14 14 2. HEMODILUTION Should Perfusionists Use A Transfusion Trigger On Cardiopulmonary Bypass? Patients with 25% Hct = 2% mortality. Patients with 25% Hct = 2% mortality. Patients with 19% Hct = 4% mortality. Patients with 19% Hct = 4% mortality. DeFoe et al DeFoe et al Should 19% be a trigger point? Should 19% be a trigger point? Reduce the mortality from 4% to 2% Reduce the mortality from 4% to 2% NNT: Transfuse 90/100 low hematocrit patients NNT: Transfuse 90/100 low hematocrit patients 2 additional patients survive 2 additional patients survive 88 patients unnecessarily transfused 88 patients unnecessarily transfused Grist G. AmSECT Today 2009.Grist G. AmSECT Today 2009.

15 15 2. HEMODILUTION Counter-acting Hemodilution With Hyperoxia Hyperoxia use in non-cardiac surgery Hyperoxia use in non-cardiac surgery Safe Safe No adverse side effects (human experience)No adverse side effects (human experience) Habler et al Habler et al Reduces the need for transfusion Reduces the need for transfusion Less allogenic blood given (human experience)Less allogenic blood given (human experience) Kemming et al Kemming et al Preserves myocardial oxygenation during low hematocrit Preserves myocardial oxygenation during low hematocrit Reverses anemic hypoxic ECG changes (human experience)Reverses anemic hypoxic ECG changes (human experience) Increases sub-endocardial O2-delivery 24% (animal study)Increases sub-endocardial O2-delivery 24% (animal study) Kemming et al Kemming et al Reverses tissue hypoxia at low hematocrit Reverses tissue hypoxia at low hematocrit Tissue pO2 increases from 10 to 18 mmHg (animal study)Tissue pO2 increases from 10 to 18 mmHg (animal study) Meier et al Meier et al Reduces risk of wound infection Reduces risk of wound infection Supplemental O2 (80% vs 30%) reduces infections by 39% (human experience)Supplemental O2 (80% vs 30%) reduces infections by 39% (human experience) Brasel et al Brasel et al. 2005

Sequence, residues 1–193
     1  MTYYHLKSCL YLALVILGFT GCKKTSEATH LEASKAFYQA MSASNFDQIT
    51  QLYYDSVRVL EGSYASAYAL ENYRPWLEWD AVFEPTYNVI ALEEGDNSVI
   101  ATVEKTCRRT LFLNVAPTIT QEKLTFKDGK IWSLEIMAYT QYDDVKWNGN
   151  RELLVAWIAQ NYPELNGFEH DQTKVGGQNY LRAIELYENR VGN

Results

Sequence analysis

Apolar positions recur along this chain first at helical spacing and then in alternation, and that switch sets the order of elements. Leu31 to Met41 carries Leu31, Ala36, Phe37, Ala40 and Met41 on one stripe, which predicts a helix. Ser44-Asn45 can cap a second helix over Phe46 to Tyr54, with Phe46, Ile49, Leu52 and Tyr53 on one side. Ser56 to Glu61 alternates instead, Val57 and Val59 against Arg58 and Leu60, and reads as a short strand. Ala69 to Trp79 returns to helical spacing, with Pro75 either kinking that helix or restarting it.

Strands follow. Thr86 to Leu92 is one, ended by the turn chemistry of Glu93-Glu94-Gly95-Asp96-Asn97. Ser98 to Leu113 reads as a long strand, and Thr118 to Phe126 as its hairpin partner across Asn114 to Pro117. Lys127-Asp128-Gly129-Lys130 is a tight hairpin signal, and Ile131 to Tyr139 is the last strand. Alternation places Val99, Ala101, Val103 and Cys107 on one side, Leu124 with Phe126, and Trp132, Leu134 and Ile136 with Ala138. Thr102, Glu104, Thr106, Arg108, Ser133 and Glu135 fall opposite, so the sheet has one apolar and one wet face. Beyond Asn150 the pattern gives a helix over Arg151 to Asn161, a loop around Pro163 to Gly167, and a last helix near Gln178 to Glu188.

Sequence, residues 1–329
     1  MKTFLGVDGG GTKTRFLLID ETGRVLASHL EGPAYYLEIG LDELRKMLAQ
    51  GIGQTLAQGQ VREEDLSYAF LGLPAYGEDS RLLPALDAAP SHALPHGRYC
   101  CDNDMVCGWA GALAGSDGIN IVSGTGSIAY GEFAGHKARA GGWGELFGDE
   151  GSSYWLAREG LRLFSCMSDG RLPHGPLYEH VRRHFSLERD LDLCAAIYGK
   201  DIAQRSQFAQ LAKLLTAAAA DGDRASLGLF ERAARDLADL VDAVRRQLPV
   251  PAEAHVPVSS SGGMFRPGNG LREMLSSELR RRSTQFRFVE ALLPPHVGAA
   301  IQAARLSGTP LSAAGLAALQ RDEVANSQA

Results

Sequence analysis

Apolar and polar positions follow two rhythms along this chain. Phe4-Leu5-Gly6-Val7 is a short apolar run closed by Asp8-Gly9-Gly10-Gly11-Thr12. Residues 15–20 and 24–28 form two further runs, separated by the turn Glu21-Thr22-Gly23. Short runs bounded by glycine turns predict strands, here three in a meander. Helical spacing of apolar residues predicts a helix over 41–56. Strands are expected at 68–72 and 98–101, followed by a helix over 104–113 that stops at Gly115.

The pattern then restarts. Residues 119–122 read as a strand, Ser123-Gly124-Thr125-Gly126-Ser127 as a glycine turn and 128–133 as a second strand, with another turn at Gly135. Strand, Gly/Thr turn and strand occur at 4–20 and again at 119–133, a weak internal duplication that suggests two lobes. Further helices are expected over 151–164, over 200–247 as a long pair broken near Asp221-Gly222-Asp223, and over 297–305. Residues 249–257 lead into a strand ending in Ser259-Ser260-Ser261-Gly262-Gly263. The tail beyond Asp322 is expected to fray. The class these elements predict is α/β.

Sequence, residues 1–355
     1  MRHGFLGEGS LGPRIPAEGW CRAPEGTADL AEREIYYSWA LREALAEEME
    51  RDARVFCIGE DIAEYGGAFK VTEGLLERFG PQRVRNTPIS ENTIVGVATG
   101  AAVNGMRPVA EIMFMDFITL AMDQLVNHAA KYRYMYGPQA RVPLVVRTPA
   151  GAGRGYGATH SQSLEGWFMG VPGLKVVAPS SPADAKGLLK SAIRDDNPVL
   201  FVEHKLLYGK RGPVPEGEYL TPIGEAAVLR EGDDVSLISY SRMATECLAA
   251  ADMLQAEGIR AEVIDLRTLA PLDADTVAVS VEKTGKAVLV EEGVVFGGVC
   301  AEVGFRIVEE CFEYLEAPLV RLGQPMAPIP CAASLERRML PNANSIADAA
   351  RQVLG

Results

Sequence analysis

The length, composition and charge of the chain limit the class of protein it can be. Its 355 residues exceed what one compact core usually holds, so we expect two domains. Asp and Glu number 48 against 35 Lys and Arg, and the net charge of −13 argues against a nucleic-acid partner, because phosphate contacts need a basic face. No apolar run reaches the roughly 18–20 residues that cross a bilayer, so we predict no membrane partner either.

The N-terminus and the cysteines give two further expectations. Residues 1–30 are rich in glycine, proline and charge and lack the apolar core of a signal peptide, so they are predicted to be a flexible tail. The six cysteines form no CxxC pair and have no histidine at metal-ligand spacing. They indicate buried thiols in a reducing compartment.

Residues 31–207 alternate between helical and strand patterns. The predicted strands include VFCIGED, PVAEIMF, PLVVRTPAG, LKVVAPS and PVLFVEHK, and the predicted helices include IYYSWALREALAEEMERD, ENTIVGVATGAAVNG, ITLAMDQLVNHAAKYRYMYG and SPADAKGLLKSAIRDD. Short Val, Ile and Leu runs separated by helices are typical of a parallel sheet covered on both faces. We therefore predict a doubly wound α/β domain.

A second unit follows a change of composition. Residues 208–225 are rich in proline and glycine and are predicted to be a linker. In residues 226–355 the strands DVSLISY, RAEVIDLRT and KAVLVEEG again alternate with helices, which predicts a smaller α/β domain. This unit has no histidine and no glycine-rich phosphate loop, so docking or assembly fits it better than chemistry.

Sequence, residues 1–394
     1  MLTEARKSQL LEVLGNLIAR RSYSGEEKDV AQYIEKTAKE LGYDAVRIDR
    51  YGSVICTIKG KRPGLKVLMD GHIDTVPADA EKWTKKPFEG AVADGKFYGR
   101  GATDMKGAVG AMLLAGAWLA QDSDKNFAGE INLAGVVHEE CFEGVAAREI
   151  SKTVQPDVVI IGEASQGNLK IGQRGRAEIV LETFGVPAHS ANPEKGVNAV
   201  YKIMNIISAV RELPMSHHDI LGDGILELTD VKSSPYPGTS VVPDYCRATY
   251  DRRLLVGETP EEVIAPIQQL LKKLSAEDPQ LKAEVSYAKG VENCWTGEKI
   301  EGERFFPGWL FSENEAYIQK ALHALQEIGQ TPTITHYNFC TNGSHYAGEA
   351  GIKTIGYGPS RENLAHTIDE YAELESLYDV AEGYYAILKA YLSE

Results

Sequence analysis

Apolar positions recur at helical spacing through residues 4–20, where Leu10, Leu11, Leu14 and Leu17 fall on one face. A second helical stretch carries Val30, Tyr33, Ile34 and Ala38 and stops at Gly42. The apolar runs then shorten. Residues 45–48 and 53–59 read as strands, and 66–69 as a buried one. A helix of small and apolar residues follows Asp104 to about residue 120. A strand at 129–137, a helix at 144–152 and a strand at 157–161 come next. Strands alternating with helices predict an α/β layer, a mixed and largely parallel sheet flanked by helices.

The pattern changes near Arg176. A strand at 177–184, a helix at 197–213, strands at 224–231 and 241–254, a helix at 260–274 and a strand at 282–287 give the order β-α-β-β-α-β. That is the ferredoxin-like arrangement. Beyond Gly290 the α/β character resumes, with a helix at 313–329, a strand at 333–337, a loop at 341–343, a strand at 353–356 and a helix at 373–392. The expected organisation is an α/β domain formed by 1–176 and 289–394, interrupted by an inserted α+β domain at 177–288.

16 16 O2 Radial Vectors 1 mmHg tissue pO2 line paO2 = 150 mmHg O2 Axial Vectors 2. HEMODILUTION Formation Of An Anoxic Lethal Corner Due To Low Hematocrit Anoxic Tissues Lethal Corner Forms Low Hct

17 17 Augmented O2 Radial Vectors Potential Lethal Corner Line paO2 = 400 mmHg Augmented O2 Axial Vectors 2. HEMODILUTION Augmented Axial Vectors (Hyperoxia) Redistributes O2 To Prevent An Anoxic Lethal Corner Low Hct Tissues Oxygenated Lethal Corner Obliterated

18 18 High PCD: Multiple capillary units Low PCD: Single capillary unit RESTING MUSCLE WORKING MUSCLE Increasing PCD Closed capillary unit RR Decreasing PCD NORMAL ORGAN FUNCTION SHOCK 3. METABOLIC ACIDOSIS Poor perfusion = decreased perfused capillary density (PCD) causing tissue anoxia

19 19 O2 radial vectors CO2 radial vectors paO2 = 100mmHg SAO2 = 99% pvO2 = 40 mmHg SVO2 = 75% paCO2 = 40 mmHg pvCO2 = 45 mmHg Highest tissue pO2: 99mmHg Lowest tissue pCO2: 42mmHg Lowest tissue pO2: 1mmHg Highest tissue pCO2: 47mmHg 3. METABOLIC ACIDOSIS Normal Capillary Configuration Blood Flow

20 20 O2 radial vectors CO2 radial vectors paO2 = 100mmHg SAO2 = 99% pvO2 = 40 mmHg SVO2 = 75% paCO2 = 40 mmHg pvCO2 = 60 mmHg 3. METABOLIC ACIDOSIS Capillary Configuration In The Shock Patient Blood Flow Anoxic &/or Hypercapnic Lethal Corner

21 21 ANOXIC LETHAL CORNER Blood Flow 3. METABOLIC ACIDOSIS Poor Perfusion = Decreased Perfused Capillary Density Causing Tissue Anoxia paO2 = 150 mmHg O2 RADIAL VECTORS O2 AXIAL VECTORS

22 22 AUGMENTED O2 RADIAL VECTORS NO ANOXIC LETHAL CORNER paO2 = 500 mmHg r R Blood Flow 3. METABOLIC ACIDOSIS Axial Kick = Oxygen Redistributed To The Lethal Corner AUGMENTED O2 AXIAL VECTORS

23 23 FiO2 = 50% FiO2 = 42% FiO2 = 45% FiO2 = 52% FiO2 = 50% FiO2 = 46% 3. METABOLIC ACIDOSIS

24 24 Augmented O2 Radial Vectors Potential 1 mmHg tissue pO2 line paO2 = 150 mmHg Augmented O2 Axial Vectors Axial Kick Keeps Potential Lethal Corner Oxygenated 3. METABOLIC ACIDOSIS Axial Kick Keeps Potential Lethal Corner Oxygenated